From the agent-based, correlated random walk model presented, we observe the effects of varying the maximum turning angle, δmax, tree density, ω, and pollen carryover, κmax, on the distribution of pollen within a tree population by examining pollination graphs. Varying maximum turning angle and pollen carryover alters the dispersal of pollen, which affects many measures of connectivity of the pollination graph. Among these measures the clustering coefficient of fathers is largest when δmax is between 60 and 90∘. The greatest effect of varying ω is not on the clustering coefficient of fathers, but on the other measures of genetic diversity. In particular when comparing simulations with randomly placed trees with that of actual tree placement of C. florida at the VCU Rice Center, it is clear that having specific tree locations is crucial in determining the properties of a pollination graph.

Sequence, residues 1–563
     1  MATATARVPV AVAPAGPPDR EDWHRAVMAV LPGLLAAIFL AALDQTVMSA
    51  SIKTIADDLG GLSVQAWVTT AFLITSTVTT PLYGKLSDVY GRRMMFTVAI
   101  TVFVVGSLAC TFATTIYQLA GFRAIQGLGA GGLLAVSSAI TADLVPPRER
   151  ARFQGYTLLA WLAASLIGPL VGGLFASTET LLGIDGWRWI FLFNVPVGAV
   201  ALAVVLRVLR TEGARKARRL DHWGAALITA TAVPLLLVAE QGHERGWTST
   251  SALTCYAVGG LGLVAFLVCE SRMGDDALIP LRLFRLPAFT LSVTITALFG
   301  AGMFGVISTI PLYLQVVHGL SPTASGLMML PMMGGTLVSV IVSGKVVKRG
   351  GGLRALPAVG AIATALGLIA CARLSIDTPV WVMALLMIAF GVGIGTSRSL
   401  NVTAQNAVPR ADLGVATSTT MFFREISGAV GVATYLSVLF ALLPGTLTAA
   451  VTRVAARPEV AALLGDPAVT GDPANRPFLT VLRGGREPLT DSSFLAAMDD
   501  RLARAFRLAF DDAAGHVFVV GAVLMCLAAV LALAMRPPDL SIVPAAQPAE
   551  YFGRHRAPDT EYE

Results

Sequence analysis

Part of the book: Pollination in Plants